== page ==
Lonnie Marcum Oct 11, 2018
Why Lyme disease is so difficult to diagnose
- The majority of people do not realize they were bitten by a tick, and do not see the “bull’s-eye” rash that is typical of Lyme;
- It takes 2-8 weeks (or longer) for the immune system to produce the markers (antibodies) necessary for detection on standard blood testing,
- The bacteria can form biofilms and prefer to live in deep tissues rather than the blood stream where blood tests are most effective at detecting antibodies;
- Borrelia have special mechanisms called “sleeper cells” that allow them to hide from the immune system, thus further suppressing the production of antibodies;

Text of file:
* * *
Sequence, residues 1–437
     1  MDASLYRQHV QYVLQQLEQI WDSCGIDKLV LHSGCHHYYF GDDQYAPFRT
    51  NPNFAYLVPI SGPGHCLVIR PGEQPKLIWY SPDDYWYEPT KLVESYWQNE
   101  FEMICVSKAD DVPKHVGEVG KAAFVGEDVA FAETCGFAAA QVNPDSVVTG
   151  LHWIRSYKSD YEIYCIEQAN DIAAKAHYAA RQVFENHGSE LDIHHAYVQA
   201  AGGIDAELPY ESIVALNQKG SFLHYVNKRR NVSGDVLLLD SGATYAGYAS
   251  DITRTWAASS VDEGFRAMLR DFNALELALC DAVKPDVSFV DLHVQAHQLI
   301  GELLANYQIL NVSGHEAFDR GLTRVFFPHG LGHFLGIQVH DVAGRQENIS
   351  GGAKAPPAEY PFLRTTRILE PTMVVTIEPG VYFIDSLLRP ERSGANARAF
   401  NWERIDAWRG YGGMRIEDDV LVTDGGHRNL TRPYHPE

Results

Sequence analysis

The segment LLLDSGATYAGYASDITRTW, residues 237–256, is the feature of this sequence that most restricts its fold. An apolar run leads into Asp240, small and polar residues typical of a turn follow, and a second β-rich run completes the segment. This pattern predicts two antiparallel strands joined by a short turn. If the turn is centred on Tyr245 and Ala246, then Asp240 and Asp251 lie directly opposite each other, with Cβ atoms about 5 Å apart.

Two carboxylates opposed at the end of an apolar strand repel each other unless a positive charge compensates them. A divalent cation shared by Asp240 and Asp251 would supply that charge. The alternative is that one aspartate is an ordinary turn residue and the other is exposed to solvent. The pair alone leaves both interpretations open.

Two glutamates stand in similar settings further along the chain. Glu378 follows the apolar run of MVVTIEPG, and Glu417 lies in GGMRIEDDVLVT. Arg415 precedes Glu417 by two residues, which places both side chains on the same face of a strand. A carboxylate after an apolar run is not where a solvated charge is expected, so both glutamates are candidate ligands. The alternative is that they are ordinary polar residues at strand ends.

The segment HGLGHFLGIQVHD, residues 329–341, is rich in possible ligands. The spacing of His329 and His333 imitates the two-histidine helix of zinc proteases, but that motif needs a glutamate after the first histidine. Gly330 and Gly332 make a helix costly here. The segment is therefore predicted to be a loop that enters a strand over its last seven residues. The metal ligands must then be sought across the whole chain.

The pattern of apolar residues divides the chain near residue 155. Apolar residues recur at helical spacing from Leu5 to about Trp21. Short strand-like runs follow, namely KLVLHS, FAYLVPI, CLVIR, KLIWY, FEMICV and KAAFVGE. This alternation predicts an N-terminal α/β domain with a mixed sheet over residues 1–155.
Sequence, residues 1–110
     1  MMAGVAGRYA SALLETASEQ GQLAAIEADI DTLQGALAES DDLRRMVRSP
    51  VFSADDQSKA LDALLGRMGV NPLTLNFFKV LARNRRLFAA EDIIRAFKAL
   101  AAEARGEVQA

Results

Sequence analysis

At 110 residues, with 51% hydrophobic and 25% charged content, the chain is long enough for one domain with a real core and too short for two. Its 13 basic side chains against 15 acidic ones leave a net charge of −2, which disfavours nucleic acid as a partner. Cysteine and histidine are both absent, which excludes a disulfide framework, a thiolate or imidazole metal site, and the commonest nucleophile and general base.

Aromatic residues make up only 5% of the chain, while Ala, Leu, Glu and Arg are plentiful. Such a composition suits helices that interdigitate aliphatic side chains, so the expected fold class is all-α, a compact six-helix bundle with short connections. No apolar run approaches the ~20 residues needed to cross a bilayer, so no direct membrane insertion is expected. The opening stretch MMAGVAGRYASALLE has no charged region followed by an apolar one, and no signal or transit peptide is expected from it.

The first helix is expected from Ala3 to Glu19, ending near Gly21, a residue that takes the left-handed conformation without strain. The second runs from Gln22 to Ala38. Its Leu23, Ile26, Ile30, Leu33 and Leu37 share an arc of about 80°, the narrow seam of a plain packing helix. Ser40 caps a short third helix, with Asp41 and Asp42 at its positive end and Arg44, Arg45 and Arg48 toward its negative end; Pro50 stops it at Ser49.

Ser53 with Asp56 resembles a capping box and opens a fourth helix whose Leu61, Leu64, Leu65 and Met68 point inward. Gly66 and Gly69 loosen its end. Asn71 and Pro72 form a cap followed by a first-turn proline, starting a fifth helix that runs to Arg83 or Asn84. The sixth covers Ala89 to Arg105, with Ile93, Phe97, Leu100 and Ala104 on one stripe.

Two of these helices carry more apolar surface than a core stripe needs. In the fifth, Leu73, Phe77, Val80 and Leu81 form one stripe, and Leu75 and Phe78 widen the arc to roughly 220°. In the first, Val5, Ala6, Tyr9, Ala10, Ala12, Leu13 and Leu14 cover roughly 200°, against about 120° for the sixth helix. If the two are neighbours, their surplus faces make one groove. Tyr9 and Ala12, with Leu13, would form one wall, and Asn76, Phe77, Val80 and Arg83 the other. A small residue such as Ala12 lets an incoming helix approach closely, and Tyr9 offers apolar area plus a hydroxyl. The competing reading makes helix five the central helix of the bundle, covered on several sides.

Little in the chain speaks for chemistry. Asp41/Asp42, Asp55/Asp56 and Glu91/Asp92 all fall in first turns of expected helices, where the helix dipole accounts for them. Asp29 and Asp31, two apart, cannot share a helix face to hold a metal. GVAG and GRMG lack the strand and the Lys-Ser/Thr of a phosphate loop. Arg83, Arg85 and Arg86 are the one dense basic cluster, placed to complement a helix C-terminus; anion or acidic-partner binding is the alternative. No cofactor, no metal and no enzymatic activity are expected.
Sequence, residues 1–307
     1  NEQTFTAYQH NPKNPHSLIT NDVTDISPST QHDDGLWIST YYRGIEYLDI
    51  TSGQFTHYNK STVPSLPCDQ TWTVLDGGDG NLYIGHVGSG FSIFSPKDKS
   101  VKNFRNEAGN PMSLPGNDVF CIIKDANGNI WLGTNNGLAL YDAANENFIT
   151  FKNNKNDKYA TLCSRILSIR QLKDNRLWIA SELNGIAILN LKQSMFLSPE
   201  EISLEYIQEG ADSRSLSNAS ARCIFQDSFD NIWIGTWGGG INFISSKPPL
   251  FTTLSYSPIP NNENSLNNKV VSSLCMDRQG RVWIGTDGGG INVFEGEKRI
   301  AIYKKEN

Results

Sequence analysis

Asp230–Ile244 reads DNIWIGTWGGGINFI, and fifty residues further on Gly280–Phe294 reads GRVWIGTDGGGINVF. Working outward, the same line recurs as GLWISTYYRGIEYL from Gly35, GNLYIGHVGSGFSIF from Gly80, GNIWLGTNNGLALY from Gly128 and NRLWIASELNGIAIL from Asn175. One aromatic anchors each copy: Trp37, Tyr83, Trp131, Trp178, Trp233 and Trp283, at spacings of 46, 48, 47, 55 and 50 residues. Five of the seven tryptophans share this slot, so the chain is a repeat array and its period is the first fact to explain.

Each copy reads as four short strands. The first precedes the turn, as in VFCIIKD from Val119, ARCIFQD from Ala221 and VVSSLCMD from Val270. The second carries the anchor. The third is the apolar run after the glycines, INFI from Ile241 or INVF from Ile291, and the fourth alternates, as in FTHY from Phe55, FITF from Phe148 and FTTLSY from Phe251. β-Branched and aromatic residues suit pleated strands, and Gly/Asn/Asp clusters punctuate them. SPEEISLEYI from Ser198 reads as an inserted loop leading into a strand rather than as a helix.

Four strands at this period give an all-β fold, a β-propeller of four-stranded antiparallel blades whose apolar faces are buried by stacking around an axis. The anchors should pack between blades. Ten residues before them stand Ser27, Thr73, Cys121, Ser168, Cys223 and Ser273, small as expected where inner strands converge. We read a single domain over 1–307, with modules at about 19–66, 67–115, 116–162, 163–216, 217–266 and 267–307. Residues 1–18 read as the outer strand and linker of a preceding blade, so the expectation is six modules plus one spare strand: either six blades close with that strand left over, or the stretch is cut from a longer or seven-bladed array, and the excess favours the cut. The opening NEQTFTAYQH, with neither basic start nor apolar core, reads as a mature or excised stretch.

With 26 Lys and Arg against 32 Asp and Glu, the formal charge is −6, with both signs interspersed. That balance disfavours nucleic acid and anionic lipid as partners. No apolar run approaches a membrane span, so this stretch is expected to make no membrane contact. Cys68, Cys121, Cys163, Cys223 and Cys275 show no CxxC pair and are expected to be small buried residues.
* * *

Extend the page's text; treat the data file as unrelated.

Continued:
- Patients with co-infections often have suppressed immune systems and many never develop antibodies to Borrelia.
- Seronegativity could also be due to antibody being bound in immune complexs and therefore not available for binding to antigens on the immunoblot strip.
- The patient may be infected with a strain of Borrelia that is not detected by standard tests.
Adding to the difficulty of diagnosis, Lyme disease is known as a “great imitator,” because it can infect every system of the body causing a myriad of symptoms that mimic illness such as Arthritis, ALS, Chronic Fatigue Syndrome (CFS), Fibromyalgia, Lupus, Multiple Sclerosis (MS) or Myalgic Encephalomyelitis (ME).